Veteran oilman Vermilion Wright knows that losing a few thousand gallons of crude is no more than an accounting error to his company but could mean serious money to whomever’s found a way to siphon it off from wells in Texas’ Permian Basin. So he asks Sen. Christopher Colles, Chair of Homeland Security and Government Affairs, to look into it, and Colles persuades 24-year-old Letty Davenport, who’s just quit his employ, to return and partner with Department of Homeland Security agent John Kaiser to track down the thieves. The plot that right-winger Jane Jael Hawkes and her confederates, most of them service veterans with disgruntled attitudes and excellent military skills, have hatched is more dire than anything Wright could have imagined. They plan to use the proceeds from the oil thefts to purchase some black-market C4 essential to a major act of terrorism that will simultaneously express their alarm about the country’s hospitality to illegal immigrants and put the Jael-Birds on the map for good. But they haven’t reckoned with Letty, another kid born on the wrong side of the tracks who can outshoot the men she’s paired with and outthink the vigilantes she finds herself facing—and who, along with her adoptive father, makes a memorable pair of “pragmatists. Really harsh pragmatists” willing to do whatever needs doing without batting an eye or losing a night’s sleep afterward.

Generations may succeed generations, but Sandford’s patented investigation/action formula hasn’t aged a whit. Bring it on.

Pub Date: April 12, 2022

ISBN: 978-0-593-32868-2

Page Count: 400

Publisher: Putnam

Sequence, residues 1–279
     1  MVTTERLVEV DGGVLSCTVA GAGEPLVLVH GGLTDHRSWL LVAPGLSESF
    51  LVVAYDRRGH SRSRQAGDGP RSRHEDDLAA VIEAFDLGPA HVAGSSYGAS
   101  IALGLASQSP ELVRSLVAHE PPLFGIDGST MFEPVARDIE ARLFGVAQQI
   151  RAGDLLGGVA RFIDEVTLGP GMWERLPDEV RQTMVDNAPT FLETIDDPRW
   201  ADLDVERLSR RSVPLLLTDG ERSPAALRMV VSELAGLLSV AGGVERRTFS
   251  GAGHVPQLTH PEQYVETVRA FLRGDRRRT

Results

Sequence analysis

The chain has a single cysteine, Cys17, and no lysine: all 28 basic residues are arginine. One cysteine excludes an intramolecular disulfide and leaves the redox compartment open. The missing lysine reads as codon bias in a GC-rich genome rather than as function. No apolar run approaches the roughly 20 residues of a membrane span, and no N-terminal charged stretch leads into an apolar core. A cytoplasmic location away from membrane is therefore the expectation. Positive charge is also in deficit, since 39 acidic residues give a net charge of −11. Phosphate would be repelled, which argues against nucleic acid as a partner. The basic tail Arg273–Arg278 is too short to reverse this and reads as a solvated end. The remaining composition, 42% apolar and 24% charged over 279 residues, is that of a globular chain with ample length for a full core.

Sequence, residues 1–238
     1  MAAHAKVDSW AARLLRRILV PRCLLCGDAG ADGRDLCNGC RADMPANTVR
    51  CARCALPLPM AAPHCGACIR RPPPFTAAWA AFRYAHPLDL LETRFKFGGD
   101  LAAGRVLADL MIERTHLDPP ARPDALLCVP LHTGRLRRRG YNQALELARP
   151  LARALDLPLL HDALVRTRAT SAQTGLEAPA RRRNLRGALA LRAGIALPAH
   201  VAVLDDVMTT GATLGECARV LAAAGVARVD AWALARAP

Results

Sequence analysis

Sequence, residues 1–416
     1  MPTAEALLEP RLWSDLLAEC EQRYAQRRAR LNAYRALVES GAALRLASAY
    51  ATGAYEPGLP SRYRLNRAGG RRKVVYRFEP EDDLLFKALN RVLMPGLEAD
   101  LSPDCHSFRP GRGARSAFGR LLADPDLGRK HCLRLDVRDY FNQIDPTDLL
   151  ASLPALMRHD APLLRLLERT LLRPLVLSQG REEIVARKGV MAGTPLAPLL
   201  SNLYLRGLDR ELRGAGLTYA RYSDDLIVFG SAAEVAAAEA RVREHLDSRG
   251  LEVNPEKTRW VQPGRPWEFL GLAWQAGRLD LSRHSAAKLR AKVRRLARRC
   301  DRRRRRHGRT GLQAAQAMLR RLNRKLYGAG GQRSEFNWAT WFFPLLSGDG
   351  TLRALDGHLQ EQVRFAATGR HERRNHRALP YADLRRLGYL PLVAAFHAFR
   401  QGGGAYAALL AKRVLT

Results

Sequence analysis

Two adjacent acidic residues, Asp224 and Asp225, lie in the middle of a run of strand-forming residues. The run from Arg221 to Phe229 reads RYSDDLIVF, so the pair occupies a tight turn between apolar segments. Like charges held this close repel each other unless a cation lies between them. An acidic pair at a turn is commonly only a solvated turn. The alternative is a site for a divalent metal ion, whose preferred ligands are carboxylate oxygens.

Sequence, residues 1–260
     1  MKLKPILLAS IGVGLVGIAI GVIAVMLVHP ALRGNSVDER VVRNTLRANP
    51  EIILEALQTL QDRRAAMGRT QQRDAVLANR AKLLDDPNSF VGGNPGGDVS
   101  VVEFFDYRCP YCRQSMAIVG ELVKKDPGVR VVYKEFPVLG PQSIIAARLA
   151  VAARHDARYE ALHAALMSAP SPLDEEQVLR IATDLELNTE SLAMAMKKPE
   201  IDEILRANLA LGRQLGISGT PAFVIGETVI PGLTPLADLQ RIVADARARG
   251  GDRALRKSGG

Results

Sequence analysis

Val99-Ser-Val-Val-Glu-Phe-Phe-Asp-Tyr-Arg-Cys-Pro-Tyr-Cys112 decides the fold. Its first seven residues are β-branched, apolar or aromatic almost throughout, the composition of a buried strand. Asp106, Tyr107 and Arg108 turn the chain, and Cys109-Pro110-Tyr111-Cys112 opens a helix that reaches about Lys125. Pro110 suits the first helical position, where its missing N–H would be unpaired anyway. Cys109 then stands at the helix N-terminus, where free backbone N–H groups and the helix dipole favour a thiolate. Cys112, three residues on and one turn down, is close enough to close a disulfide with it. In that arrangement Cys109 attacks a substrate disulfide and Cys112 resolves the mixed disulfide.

Review Posted Online: Jan. 26, 2022

Kirkus Reviews Issue: Feb. 15, 2022

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Light on suspense but still a solid page-turner.

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THE LAST THING HE TOLD ME

When a devoted husband and father disappears, his wife and daughter set out to find him.

Hannah Hall is deeply in love with her husband of one year, Owen Michaels. She’s also determined to win over his 16-year-old daughter, Bailey, who has made it very clear that she’s not thrilled with her new stepmother. Despite the drama, the family is mostly a happy one. They live in a lovely houseboat in Sausalito; Hannah is a woodturner whose handmade furniture brings in high-dollar clientele; and Owen works for The Shop, a successful tech firm. Their lives are shattered, however, when Hannah receives a note saying “Protect her” and can’t reach Owen by phone. Then there’s the bag full of cash Bailey finds in her school locker and the shocking news that The Shop’s CEO has been taken into custody. Hannah learns that the FBI has been investigating the firm for about a year regarding some hot new software they took to market before it was fully functional, falsifying their financial statements. Hannah refuses to believe her husband is involved in the fraud, and a U.S. marshal assigned to the case claims Owen isn’t a suspect. Hannah doesn’t know whom to trust, though, and she and Bailey resolve to root out the clues that might lead to Owen. They must also learn to trust one another. Hannah’s narrative alternates past and present, detailing her early days with Owen alongside her current hunt for him, and author Dave throws in a touch of danger and a few surprises. But what really drives the story is the evolving nature of Hannah and Bailey’s relationship, which is by turns poignant and frustrating but always realistic.

Light on suspense but still a solid page-turner.

Pub Date: May 4, 2021

ISBN: 978-1-5011-7134-5

Page Count: 320

Publisher: Simon & Schuster

Review Posted Online: Feb. 10, 2021

Kirkus Reviews Issue: March 1, 2021